(Soleil Zeuhl 37 // CD)


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SETNA’s second album, with contributions from Yannick Duchene (vocals) from NEOM and Benoît Widemann (Moog). At the crossroads of progressive and zeuhl – 3 long suites (9.52 / 26.16 / 14.58) plus 2 bonus tracks from the recording sessions.

While it is obvious that Setna’s scarcity in both music stores and concert venues is also

(if not above all) due to pragmatic reasons (which is confirmed by his leader Nicolas Candé in the interview accompanying this review), it is tempting to see in this parsimony the expression of an artistic ethos dictating that the band should only manifest themselves when they think they have something truly important to say, beyond the (perfectly legitimate and mutual) satisfaction of giving us the latest progress report on their musical evolution – in this case, and this isn’t insignificant, the long-awaited follow-up to Cycle I (2007), one of the most finest French progressive albums in recent memory.

Before even considering his music in the light of critical considerations (an “objective” description of his music and a subjective assessment of its value), it must be noted, since it’s so obvious to the eyes (and ears) that a “spiritual” aura emanates from Setna that largely transcends their stylistic reference points, and gives their music a much more universal resonance. As such, one is advised to read the booklet notes while listening, as they usefully put the music in perspective. While conceptual arguments often look like a way to artificially lend coherence and depth to something that lacks either, they also underline in this case a striking correspondence between the indications given and their musical incarnation.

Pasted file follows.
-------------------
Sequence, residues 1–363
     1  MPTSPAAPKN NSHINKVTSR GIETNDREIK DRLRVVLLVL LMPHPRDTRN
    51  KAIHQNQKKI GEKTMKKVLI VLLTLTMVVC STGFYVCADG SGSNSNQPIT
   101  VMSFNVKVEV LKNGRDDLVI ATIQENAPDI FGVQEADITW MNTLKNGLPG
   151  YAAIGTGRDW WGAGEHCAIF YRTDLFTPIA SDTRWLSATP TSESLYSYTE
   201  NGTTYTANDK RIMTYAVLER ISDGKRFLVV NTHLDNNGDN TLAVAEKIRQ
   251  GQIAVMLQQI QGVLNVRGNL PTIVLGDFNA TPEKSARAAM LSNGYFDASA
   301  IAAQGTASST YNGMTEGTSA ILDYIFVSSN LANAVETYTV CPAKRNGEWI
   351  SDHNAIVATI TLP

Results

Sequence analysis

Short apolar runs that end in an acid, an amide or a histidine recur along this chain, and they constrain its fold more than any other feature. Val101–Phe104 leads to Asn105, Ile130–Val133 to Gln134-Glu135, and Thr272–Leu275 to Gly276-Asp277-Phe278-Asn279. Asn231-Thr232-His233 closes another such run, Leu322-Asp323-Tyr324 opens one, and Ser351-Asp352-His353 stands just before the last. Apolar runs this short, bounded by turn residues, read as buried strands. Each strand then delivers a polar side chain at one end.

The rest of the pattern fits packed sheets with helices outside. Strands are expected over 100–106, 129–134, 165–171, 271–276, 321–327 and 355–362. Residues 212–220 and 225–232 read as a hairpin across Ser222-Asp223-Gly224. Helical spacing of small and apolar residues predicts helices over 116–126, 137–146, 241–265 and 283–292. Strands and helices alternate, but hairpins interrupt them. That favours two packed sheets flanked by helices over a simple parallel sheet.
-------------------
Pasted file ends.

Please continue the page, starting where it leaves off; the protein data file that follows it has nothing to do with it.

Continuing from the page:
Of course, the universality of its emotional essence does not detach Setna’s music from any historical and musical frame of reference. Indeed it is anchored in the Zeuhl school (the triptych formed by the haunting Fender Rhodes motifs, the powerful and sometimes fuzz bass, and drums that are in turns propulsive and pacifying), but with more than ever before, elements of the Canterbury sound (in the combination of refined melodies and complex rhythms), as explicitly underlined by the occasional use of the fuzz organ sound characteristic of the genre.

Not wanting to lock Setna into this particular web of references – this will, at least, have the merit of making a potential audience aware that they will find much to enjoy about their music (and it is hard to imagine they would be disappointed upon hearing it), this is probably the only criticism that could possibly be directed at the Rouen-based band: that of working in a sound aesthetic that is objectively “dated” to a time a good forty years ago, in both its sound and style. But this “purism”, which some may see as retrograde, is only an antidote to all that was wrong about the 1980s sound, of which it was said at the time that it had “outdated” those of the previous decade, an argument few would still advance nowadays. Ultimately, the fact is that many of the strongest albums that have recently appeared in the genre (Änglagård springs to mind) are rooted in what some have called a backward attitude, but is actually just an aspiration to sound timeless.